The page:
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Join photographer and author Chris Orwig in Photoshop Lightroom 4 Essentials: Organizing and Sharing with the Library Module, as he explores the interface of this popular image-management program and shows how to use its Library module to organize and manage a photo library. The course covers importing both still images and video; shooting in tethered-capture mode; organizing and rating images with flags, stars, labels, and location tags; and working with collections. The course also details how to export, email, and share photos, and introduces the Lightroom 4 video-editing features, as well as its ability to work together with the full editing power of Photoshop. Exercise files are included with the course.
All right, let's get to capture in some photographs. Well I have my camera connected and you may notice that I have a really low f-stop and a high ISO, because here I am in this closed room, I don't have very good lighting. But I have set an old camera on this yellow chair and I want to take a picture of it. And I want to bring this to my hard drive right in the Lightroom. Or I can either capture the image by clicking on this button or I can simply pick up my camera and aim and then take the photograph. So I'm going to go ahead and do that. All right, there is our first shot, and then I'm going to capture one more here.
And let's take a look at these pictures. Here they come into Lightroom. Now as I mentioned again, I have a pretty low light scenario, but nonetheless, we can start to see the image come into Lightroom. What's interesting about this is, you can see that these two pictures even have a little bit different composition, so why I used Tether Capture? Well, this can help you decide how exactly do I want to photograph this whole camera? Well this second shot, I like a lot better than the first shot, if we make this smaller, you can kind of see the difference here. Also see that my exposure and everything was just a little bit better.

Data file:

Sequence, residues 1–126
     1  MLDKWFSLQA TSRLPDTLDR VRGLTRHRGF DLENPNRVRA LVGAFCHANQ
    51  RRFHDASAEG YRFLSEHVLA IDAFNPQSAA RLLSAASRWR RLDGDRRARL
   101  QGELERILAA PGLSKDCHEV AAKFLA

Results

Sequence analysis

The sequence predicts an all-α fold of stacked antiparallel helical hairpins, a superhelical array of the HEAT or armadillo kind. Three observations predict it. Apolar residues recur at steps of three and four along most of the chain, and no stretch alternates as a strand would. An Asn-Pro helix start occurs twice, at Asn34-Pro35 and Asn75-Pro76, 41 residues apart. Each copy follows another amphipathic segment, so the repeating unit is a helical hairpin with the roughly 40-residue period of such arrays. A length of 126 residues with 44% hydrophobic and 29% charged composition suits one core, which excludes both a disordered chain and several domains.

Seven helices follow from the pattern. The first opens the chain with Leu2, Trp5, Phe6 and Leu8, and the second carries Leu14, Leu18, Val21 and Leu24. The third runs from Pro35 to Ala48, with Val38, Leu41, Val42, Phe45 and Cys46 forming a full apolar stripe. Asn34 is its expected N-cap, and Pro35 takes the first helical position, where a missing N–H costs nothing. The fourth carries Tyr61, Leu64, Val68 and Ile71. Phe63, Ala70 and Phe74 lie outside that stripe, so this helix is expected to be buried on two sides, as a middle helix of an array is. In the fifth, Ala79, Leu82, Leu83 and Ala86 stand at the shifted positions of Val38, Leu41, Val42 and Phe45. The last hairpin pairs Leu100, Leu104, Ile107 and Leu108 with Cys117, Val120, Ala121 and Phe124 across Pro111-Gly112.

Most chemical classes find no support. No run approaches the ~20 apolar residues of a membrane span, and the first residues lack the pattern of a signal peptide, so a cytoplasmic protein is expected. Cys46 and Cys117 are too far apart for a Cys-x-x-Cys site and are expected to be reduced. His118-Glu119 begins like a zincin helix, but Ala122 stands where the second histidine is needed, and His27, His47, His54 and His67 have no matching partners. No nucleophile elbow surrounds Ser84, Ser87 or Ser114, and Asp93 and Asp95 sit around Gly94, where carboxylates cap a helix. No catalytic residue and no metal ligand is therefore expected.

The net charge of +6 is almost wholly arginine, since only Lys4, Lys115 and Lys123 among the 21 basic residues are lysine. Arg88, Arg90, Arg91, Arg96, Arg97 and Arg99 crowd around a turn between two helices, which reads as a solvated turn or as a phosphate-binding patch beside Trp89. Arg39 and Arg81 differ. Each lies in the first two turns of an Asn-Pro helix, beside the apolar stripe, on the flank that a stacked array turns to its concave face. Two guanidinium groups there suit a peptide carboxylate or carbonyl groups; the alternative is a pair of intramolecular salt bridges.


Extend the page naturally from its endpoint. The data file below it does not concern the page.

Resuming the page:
The other thing that we can do here of course is we can zoom in on whatever we are photographing. We can ask ourselves, do we have enough detail, how was the noise, how does this look? Now what's interesting about this is we can take this even further. And initially what I want to do is just get a little bit creative. So for example, what I'm going to do is I'm going to go ahead and select from this pull-down menu one of our presets. I am going to go to Color Presets and choose Cross Process 3. Now that's not going to apply the preset to this image, but to the next one that I'm about to capture.
So let me go ahead and capture one more photograph here. Oh wait for that to come in and then you are going to see it's going to load and then it's going to load that Cross Process Preset. What's interesting about this is, we can use these presets for creative purposes like I'm doing here, just by way of a demo or we can dial-in presets which might work a little bit better for our particular images or setting. Maybe, we know that the client really likes images to have a certain level of contrast or sharpness, therefore, we can choose that preset.
Even a preset that we've designed and built ourselves, that can then help out so that as that image is coming up they've already seen a little bit of contrast and clarity and sharpness added to the photograph. So they are viewing it closer to the way that it's going to be finished. Because you and I both know RAW images they just don't look very good, because they're RAW, we have to process them in order to make them look good. So again you can use you these Develop settings, and this is just immensely helpful, especially when working with clients.
Okay, well so far we've taken a look at how we can do this and capture images and perhaps even apply a Develop setting. I want to take a look at one more scenario which has to do with White Balance and also Tether Capture, and let's look at that scenario in the next movie.
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